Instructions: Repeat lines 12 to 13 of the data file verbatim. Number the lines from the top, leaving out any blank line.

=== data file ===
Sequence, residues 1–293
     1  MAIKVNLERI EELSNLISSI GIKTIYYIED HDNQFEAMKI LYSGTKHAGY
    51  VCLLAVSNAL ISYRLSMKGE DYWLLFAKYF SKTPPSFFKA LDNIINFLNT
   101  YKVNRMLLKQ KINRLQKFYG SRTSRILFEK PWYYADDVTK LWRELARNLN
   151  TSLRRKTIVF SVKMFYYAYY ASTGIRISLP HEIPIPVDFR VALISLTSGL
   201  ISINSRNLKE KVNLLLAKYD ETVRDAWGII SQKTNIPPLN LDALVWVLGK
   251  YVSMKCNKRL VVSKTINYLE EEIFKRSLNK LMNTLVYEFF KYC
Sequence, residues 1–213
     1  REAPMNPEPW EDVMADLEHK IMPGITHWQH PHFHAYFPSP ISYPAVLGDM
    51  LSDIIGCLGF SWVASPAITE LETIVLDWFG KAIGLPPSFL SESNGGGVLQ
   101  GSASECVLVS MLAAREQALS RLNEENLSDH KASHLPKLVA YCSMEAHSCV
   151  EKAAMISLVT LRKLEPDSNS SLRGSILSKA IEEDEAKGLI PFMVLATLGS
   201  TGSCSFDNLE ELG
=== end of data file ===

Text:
   151  EKAAMISLVT LRKLEPDSNS SLRGSILSKA IEEDEAKGLI PFMVLATLGS
   201  TGSCSFDNLE ELG